Assisting Families of Missing or Murdered Indigenous Women and Girls During the National Inquiry

In August, 2016, the Minister of Justice announced two new funding initiatives to provide direct assistance to families of missing or murdered Indigenous women and girls. Funding totaling $11M through the Victims Fund was committed to support the development of Family Information Liaison Units (FILUs) in each province and territory. FILUs will operate separately from the National Inquiry to ensure that their services will be available to families, whether or not they also choose to participate in the inquiry. In addition, $4.5M was committed to enhance and expand the availability of culturally-responsive services and supports for families of missing or murdered Indigenous women and girls.

FILUs are made up of a dedicated team working with and for families to get the information they are seeking about their missing or murdered loved one. They will provide a direct coordination function between families and other agencies and services, such as the police, Crown prosecution services, and social services. They will also provide services and assistance to families in a culturally-safe and trauma-informed manner. While FILU information services will be available to families, it is expected that not all the requested information sought will be available in all cases. Where that is the situation, FILU teams will seek to provide an explanation to families as to why that may be (e.g., the need not to accidentally compromise an investigation that remains open).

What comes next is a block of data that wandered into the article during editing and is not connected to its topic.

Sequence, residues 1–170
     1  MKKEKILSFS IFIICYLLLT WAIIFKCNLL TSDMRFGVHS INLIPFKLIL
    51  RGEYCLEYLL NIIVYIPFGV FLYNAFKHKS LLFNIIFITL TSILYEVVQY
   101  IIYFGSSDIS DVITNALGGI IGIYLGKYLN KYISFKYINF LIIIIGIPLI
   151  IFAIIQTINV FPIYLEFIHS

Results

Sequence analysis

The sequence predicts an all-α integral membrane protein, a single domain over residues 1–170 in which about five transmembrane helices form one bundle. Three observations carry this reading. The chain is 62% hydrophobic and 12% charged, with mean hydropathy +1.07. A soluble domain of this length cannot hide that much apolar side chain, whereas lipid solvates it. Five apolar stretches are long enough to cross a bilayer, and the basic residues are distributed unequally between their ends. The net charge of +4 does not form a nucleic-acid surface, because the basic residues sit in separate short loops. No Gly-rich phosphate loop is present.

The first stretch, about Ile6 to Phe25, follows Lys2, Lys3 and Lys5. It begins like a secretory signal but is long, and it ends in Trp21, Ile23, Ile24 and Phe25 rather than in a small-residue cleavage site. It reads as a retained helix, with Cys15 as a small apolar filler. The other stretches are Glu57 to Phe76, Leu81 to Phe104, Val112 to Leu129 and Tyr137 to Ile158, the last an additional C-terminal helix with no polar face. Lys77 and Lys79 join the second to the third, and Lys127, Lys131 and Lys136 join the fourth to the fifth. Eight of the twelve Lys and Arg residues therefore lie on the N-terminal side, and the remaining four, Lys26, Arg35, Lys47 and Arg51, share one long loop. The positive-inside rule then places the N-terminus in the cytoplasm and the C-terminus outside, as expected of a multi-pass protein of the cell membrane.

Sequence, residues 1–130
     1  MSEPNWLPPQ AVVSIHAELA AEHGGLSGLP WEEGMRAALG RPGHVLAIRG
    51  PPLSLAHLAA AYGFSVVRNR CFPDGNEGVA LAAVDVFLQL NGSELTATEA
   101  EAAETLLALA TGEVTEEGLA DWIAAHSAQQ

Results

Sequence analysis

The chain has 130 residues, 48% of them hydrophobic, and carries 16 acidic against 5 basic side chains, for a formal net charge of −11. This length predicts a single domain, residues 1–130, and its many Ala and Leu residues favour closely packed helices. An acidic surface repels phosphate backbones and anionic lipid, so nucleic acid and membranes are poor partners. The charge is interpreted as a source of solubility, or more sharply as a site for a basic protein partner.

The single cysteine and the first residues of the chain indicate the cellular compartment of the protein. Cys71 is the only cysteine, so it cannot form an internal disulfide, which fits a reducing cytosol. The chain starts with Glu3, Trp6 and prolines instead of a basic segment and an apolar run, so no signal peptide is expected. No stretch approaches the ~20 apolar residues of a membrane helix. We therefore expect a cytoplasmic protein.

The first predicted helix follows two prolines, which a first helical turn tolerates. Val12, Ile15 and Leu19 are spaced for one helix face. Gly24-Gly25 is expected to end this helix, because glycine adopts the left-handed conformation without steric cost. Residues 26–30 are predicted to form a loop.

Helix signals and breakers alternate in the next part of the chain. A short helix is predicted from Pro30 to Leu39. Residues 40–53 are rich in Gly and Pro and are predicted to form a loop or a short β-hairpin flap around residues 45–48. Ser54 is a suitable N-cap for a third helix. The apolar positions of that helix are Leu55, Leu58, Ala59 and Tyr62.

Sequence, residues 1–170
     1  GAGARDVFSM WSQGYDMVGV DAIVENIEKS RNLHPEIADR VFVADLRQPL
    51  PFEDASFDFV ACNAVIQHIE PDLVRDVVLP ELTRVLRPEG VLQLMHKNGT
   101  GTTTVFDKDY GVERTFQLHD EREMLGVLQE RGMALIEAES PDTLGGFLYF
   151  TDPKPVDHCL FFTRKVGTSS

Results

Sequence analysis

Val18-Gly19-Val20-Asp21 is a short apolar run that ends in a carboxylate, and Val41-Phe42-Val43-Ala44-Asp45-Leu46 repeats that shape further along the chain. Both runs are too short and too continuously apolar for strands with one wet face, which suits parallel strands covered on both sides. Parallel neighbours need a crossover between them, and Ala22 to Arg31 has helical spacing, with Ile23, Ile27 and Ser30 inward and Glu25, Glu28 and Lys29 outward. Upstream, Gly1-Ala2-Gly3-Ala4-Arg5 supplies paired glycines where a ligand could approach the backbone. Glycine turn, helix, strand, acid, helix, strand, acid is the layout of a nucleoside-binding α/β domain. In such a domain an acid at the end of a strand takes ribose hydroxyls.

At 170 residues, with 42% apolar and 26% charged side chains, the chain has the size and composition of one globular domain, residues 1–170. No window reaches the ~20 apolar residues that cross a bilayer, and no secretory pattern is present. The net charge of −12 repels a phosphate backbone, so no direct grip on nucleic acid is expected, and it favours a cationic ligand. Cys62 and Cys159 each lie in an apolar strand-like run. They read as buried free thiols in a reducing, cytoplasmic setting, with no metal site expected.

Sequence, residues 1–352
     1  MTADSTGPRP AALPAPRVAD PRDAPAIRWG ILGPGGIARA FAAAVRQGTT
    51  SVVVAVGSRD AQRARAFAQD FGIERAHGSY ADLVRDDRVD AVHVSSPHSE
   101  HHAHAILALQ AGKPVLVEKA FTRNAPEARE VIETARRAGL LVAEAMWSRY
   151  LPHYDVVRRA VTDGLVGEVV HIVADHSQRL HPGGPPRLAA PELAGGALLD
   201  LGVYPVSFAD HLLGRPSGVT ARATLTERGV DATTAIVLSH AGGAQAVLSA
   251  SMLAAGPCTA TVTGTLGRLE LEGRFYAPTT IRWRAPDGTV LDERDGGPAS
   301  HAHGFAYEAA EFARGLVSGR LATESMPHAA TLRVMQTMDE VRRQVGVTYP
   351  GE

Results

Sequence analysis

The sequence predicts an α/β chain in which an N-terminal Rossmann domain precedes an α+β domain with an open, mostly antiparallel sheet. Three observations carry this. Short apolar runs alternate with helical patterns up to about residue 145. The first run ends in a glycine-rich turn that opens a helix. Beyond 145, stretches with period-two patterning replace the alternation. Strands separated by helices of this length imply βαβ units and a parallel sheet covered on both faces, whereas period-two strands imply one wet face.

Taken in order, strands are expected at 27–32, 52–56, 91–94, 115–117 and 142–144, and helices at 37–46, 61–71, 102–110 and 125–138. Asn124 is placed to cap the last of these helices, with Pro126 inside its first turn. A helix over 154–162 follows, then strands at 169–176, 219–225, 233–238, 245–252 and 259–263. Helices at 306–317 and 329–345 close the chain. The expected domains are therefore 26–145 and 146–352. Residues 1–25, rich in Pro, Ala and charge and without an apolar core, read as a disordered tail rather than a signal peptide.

FILUs are being developed in each province and territory and are working with Indigenous partners and/or families on the design, development or delivery of their services. As a result, while FILUs across Canada have shared goals and functions (i.e., gathering information for families, working in a trauma informed and culturally grounded manner), the structure and composition of each FILU will vary between provinces and territories.

Alberta’s FILU, for example, is located in the Alberta Ministry of Justice and Solicitor General Victim Services, Indigenous Program Unit, and became fully operational in May 2017. Janice Randhile and Ralph Cardinal are two of four family information liaison workers in the unit. Among many things, the liaisons aim to keep families informed about the progress of criminal investigations, court proceedings, or fatality inquiries, and connect families with Elders, spiritual support, and counselling. “I’ve always wanted to help in whatever way I can on this issue,” said Randhile, in an interview with Alberta Public Service Communications. “We are going to be able to do the work and support these families – everybody in this office has that heart and courage to do this. They know this isn’t going to be easy.